Should the Catholic Church apologize to Pagans?

On Thursday, Pope Francis released his long-awaited 184-page encyclical on climate change and environmental protection. We will have reactions to this work in the coming days. In the meantime, we consider one particular phrase from that document as it relates to a question recently raised by Debra Macleod in The Huffington Post. Macleod asks whether the Catholic Church should acknowledge its role in the destruction of classical Pagan culture and religion. In the new encyclical, Pope Francis says, “Human Beings, while capable of the worst, are also capable of rising above themselves, choosing again what is good, and making a new start.” Using that framework, Macleod’s question can be rephrased.

Column: Of Apologies and Eagles

This coming Friday and Saturday will mark the most sacred of yearly Jewish holidays, Yom Kippur. As a child, I remember my mother explaining that Yom Kippur was “a day to atone for our sins.”  Having grown up only culturally Jewish, I stared back blankly.  A what? Sin?  She eventually clarified by saying, “It is a day to say you’re sorry.”  That I understood. In a recent Huffington Post article, lawyer Diane Danois contemplates the words “I am sorry” in relation to her Jewish faith.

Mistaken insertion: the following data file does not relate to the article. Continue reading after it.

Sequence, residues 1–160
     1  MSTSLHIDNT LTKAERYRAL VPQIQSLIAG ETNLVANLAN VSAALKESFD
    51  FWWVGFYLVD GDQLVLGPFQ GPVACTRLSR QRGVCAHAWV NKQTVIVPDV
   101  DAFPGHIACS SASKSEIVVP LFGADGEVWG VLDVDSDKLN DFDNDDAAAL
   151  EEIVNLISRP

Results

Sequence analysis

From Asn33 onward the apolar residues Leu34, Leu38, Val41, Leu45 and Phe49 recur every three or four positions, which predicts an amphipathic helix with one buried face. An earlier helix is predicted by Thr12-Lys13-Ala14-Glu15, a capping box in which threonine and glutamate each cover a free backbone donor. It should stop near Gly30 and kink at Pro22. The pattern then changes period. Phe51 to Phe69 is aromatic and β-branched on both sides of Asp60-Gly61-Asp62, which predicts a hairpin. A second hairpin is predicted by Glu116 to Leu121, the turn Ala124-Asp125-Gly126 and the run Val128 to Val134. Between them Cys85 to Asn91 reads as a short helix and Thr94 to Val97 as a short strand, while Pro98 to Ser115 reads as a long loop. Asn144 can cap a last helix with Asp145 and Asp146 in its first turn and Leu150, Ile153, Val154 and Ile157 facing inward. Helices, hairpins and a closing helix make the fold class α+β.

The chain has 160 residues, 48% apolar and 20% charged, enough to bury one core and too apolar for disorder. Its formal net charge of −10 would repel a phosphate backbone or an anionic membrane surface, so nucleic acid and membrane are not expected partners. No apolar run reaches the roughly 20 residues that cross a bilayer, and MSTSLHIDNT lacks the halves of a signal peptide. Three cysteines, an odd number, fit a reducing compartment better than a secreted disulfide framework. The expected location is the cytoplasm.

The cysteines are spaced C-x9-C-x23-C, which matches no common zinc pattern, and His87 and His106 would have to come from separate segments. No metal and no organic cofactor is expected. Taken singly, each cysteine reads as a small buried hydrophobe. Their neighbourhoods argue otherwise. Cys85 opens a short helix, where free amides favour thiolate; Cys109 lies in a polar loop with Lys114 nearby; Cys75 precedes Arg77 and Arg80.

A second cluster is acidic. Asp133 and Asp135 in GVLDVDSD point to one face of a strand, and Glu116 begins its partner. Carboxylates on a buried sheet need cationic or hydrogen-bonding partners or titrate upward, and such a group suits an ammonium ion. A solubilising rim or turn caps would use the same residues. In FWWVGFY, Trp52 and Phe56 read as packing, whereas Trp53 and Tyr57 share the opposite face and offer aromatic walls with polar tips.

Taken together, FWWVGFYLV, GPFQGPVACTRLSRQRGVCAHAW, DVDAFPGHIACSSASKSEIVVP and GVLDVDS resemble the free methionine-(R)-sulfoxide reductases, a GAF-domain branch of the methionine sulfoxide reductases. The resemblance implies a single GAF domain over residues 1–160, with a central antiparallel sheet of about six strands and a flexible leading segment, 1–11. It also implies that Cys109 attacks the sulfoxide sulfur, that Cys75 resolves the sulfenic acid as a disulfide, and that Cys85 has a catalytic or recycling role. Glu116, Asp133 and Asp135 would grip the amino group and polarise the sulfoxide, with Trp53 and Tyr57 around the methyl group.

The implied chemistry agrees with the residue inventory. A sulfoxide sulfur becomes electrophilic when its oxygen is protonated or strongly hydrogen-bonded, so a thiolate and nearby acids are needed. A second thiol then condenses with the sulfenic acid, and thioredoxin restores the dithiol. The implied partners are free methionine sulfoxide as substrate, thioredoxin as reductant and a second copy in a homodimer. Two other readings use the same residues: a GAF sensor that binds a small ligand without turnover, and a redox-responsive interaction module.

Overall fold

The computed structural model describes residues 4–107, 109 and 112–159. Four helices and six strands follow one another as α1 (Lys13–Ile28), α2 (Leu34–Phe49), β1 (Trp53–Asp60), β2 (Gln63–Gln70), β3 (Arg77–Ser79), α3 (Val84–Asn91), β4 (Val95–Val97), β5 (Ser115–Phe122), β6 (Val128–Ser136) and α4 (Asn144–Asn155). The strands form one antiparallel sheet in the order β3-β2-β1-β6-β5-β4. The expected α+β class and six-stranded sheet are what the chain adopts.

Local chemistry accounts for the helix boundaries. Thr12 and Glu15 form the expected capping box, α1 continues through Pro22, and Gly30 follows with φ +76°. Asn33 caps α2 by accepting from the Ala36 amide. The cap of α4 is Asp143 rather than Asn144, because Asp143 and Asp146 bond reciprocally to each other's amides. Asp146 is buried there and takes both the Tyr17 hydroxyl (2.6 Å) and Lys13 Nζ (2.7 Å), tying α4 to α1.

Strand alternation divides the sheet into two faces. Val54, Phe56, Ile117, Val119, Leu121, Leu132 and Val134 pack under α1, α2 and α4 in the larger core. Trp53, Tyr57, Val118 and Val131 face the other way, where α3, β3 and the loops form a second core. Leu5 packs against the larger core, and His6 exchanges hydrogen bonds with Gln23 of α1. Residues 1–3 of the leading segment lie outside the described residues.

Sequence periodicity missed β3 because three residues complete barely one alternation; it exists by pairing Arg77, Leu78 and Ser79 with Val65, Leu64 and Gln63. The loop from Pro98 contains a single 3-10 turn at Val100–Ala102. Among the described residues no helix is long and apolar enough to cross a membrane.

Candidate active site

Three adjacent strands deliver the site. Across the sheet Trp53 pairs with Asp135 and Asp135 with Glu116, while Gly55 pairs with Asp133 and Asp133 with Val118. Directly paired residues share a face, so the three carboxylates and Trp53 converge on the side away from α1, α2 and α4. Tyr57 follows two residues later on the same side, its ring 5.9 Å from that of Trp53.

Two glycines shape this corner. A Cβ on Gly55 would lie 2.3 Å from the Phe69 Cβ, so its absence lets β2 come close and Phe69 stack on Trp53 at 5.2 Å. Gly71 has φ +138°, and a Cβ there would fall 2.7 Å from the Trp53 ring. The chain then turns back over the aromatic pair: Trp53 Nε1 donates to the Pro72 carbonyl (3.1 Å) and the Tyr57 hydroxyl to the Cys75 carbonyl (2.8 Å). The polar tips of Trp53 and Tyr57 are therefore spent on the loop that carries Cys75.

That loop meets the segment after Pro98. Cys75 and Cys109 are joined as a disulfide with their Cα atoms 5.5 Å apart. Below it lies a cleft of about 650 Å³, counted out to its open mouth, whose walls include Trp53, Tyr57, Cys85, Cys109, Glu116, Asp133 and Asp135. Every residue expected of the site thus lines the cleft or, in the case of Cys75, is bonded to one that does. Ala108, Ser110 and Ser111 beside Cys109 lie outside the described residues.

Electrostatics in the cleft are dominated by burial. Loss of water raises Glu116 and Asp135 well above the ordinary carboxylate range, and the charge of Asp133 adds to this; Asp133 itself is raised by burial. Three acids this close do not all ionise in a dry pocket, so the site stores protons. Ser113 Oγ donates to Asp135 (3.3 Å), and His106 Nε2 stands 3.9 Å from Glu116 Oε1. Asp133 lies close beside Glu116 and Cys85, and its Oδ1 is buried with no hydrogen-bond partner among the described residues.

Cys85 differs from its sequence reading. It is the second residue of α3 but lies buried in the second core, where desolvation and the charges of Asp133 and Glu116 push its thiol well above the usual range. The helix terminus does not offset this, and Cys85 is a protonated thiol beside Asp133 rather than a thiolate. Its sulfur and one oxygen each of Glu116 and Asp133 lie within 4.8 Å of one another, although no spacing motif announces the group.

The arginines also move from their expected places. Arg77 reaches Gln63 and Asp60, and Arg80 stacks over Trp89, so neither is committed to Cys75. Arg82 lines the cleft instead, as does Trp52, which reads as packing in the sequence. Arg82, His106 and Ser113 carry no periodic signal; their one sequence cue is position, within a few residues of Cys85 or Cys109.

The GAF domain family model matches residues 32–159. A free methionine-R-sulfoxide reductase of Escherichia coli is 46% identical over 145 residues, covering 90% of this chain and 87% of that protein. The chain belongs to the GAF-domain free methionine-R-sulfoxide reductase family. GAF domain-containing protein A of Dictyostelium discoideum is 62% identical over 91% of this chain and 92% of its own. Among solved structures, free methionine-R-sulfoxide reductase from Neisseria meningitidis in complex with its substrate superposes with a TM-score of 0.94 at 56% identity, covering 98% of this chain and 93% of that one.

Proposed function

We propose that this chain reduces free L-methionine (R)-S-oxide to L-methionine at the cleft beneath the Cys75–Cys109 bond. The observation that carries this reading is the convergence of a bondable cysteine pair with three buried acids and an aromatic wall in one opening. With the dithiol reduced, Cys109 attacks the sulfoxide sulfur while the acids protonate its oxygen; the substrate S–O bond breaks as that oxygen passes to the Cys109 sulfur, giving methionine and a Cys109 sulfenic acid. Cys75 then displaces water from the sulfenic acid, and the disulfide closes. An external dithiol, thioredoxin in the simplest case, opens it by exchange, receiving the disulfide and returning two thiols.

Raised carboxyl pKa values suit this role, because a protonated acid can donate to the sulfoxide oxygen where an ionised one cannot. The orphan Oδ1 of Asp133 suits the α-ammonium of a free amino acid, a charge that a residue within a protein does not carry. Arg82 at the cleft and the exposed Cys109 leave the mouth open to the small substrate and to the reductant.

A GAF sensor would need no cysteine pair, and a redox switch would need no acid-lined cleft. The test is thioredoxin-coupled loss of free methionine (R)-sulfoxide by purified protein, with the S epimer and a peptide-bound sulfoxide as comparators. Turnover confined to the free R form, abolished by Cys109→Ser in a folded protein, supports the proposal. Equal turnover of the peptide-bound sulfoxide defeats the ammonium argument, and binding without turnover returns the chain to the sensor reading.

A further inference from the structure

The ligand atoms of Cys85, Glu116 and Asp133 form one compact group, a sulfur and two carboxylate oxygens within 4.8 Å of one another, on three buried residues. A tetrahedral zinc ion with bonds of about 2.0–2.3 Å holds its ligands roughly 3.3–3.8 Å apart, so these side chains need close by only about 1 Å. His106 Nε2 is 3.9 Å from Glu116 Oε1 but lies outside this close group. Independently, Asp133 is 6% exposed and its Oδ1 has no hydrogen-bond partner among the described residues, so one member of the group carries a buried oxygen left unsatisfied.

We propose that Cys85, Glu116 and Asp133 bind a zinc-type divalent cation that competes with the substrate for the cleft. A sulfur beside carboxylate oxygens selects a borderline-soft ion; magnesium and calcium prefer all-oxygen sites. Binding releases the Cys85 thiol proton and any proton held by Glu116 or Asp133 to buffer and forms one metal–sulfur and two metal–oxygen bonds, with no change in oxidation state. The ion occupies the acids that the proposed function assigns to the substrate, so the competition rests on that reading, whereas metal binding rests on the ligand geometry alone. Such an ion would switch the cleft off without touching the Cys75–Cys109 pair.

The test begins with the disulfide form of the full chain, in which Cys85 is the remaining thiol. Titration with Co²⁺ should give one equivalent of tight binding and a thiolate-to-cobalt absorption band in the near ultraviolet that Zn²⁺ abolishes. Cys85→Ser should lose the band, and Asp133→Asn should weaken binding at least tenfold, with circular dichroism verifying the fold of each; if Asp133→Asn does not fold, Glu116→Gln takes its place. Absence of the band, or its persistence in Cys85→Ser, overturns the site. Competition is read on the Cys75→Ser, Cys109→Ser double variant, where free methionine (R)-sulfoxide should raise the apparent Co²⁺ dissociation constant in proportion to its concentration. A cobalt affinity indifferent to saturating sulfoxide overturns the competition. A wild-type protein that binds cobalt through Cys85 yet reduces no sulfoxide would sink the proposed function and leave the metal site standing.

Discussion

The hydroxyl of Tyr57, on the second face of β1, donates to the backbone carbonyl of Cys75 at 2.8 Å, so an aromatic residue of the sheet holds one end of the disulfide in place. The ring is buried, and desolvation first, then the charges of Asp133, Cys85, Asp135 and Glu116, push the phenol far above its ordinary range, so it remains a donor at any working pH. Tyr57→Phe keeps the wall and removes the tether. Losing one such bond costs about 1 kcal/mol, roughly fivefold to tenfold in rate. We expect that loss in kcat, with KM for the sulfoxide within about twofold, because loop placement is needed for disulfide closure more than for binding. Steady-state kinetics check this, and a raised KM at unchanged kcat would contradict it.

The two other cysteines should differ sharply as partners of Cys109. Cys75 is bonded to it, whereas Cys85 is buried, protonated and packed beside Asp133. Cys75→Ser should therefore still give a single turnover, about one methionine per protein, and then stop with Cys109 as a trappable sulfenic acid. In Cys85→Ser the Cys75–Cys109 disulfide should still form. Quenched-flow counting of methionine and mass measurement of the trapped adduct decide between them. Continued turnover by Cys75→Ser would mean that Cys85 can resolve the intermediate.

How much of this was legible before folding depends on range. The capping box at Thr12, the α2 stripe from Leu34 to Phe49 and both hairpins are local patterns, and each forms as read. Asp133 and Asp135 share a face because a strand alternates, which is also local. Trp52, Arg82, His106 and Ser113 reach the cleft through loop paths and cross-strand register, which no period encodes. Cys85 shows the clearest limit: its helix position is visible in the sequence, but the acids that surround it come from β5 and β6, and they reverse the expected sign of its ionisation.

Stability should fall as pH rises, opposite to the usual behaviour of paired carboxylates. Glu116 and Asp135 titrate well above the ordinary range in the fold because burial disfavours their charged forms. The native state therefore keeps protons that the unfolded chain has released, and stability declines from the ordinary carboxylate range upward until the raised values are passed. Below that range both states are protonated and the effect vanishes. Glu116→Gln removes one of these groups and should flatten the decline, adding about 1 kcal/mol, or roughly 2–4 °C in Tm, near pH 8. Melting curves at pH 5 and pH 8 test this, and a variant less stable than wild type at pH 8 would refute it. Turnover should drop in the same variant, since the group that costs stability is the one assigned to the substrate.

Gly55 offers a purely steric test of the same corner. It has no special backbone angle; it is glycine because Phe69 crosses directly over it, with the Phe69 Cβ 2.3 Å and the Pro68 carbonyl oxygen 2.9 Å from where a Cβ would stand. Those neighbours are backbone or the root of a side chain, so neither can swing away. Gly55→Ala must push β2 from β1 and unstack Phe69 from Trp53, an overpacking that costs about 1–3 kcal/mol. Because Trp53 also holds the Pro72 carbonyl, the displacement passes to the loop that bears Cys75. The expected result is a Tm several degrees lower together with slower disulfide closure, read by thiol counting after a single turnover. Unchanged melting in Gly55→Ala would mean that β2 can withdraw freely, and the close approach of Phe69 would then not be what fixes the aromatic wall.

All Apologies (or Maybe Not)

It’s time to revisit a hoary chestnut within Pagandom, getting an apology from the Catholic Church for their role in the witch trials of Early Modern Europe (and for other ills against pre-Christian religious adherents). Some of you may remember that this was quite the big deal back in 2000, when the Catholic Church celebrated its Jubilee Year and then Pope John Paul II issued a series of apologies for sins committed by the Church. “Christians have often denied the Gospel; yielding to a mentality of power, they have violated the rights of ethnic groups and peoples, and shown contempt for their cultures and religious traditions: be patient and merciful towards us, and grant us your forgiveness!  We ask this through Christ our Lord … let us pray for women, who are all too often humiliated and emarginated, and let us acknowledge the forms of acquiescence in these sins of which Christians too have been guilty.” In the lead-up to these apologies a group of prominent Pagans (including Selena Fox, Oberon Zell-Ravenheart, and  Philip Carr-Gomm) asked the Pope to apologize to “Witches and Pagans” harmed by the Inquisition.